MicroSave Briefing Note # 154 Behavioural Insights in Insurance – A Background Note Premasis Mukherjee, Lisa Chassin, Anup Singh, Abhay Pareek September 2014
With a cumulative global premium collection of USD 4,641 billion,1 insurance is one of the key financial industries of the world. It is also a highly technical sector, since insurance product design and management involves sophisticated statistical and financial modelling. Still, it is a widely held belief amongst experts and industry players that, “Insurance is never bought, it is always sold”. This anomaly of demand and apathy of users towards insurance is probably one of the great mysteries of the financial world. Numerous research studies on insurance have focused on the preference and willingness of consumers, but have failed to predict the real triggers of insurance demand. In this Note, we highlight some of the behavioural explanations for insurance purchase and use decisions. Through the lenses of both academic and business understanding, we explain the rationale of consumer behaviour and delineate some probable behavioural triggers for positive decisions. Behavioural Barriers to Insurance Adoption The conventional wisdom in insurance industry is built on the assumptions of expected utility and optimum deductible, based on the following assumptions: - People can fully and accurately assess the likelihood/probabilities of risks in their lives and assess the associated costs; - Risk averse individuals are willing to pay and purchase insurance at a price greater than their expected loss; and - There is an optimum equilibrium of the price-sum assured combination, at which people are willing to purchase insurance. In real world, however, insurers often face anomalies of insurance demand, which results in: - People not buying insurance voluntarily; or - People resist buying insurance, even if the insurance premium is partly subsidised (e.g. government subsidised insurance or lot of microinsurance products that are priced lower than optimum and yet suffer low demand); or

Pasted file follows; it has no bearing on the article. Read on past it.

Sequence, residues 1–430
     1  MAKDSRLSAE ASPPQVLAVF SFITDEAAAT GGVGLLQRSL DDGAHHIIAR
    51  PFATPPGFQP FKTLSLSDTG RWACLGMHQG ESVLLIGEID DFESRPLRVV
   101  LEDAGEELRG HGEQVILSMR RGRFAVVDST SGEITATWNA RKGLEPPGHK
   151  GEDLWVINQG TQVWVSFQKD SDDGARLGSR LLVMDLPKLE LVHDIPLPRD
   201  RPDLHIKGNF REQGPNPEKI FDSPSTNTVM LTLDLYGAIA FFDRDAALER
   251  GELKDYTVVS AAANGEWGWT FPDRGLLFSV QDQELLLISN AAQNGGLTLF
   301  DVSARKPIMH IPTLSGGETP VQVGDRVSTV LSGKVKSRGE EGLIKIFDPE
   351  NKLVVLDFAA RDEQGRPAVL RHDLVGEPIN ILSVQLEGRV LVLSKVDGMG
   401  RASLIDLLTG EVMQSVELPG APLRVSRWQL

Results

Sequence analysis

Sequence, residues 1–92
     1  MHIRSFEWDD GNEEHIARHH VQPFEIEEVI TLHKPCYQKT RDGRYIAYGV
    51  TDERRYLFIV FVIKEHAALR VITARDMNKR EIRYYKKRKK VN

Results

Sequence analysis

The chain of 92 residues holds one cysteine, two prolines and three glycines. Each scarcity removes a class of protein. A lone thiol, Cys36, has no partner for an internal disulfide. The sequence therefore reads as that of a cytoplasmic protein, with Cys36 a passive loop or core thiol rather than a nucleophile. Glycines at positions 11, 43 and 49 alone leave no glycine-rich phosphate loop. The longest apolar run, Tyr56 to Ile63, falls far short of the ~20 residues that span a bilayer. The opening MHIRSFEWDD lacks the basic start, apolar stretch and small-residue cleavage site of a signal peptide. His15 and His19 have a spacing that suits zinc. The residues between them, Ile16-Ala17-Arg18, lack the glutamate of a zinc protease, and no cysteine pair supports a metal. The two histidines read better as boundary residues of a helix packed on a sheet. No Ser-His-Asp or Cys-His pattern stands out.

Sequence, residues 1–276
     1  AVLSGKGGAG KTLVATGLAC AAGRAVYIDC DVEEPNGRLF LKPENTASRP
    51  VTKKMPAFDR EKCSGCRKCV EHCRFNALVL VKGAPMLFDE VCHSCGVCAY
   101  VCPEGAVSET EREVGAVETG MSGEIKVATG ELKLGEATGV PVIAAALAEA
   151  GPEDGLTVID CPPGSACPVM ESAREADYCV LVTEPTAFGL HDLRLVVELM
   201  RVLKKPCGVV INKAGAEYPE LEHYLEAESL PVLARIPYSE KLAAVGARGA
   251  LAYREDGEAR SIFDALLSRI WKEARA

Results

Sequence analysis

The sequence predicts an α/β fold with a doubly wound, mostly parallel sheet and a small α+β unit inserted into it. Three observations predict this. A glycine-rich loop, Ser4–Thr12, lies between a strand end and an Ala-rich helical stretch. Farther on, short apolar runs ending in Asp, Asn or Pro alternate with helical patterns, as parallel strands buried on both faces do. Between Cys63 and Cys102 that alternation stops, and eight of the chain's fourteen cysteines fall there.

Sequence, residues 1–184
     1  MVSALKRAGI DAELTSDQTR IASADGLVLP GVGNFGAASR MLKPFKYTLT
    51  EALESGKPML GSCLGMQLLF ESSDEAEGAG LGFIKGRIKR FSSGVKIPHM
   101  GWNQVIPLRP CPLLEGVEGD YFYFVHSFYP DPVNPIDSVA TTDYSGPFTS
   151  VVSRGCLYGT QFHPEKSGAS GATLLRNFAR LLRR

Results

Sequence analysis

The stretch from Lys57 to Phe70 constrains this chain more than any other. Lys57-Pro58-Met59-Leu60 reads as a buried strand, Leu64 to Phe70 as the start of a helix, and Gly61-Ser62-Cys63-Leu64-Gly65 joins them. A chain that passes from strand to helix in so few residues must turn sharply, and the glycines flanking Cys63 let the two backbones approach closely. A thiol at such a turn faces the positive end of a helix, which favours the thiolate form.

- People buying costly insurance products, in cases even where the likelihood of the event is minimal (e.g. purchase of warranties in electronics items). While information asymmetry and search costs explain part of the phenomena, a more in-depth research reveals behavioural factors contributing to such demand anomalies. Research suggests the following behavioural factors and biases govern insurance purchase decisions of individuals.2 Loss Aversion: Individuals are more sensitive to small losses than large gains. In insurance, the premium expenditure is a certain and near term expense, while the claim benefit is uncertain and distant, hence perceived as a potential loss. Unlike the expected utility theory assumption, individuals are found to be loss averse relative to the deductible offered. Hence, often they choose the highest deductible, i.e. not buying any insurance. Mental Accounting: Insurance is often found not to reflect individuals’ own assessment of risk as much as it reflects their current expenditure patterns. People mentally allocate their planned expenditures into different accounts, so that they feel constrained in spending on other activities. In MicroSave’s research on household money management metaphors, we came across the tendency of low income households to create balance between their income and expenditure by segregating their expenses according to certainty and negotiability of the expense item.3 In the context of insurance, people often refrain from commitments to paying premiums, either because: - They do not have a risk protection account in their mental model; or - They have already exhausted the account through other measures/commitments; or - Insurance premiums are an uncertain and negotiable type of the expense, which is mentally not mapped to be met through routine income.
Swiss Re Sigma Study on World Insurance 2013 Kunreuther Howard, Pauly Mark and McMorrow Stacey; Insurance and Behavioral Economics- Improving Decisions in the M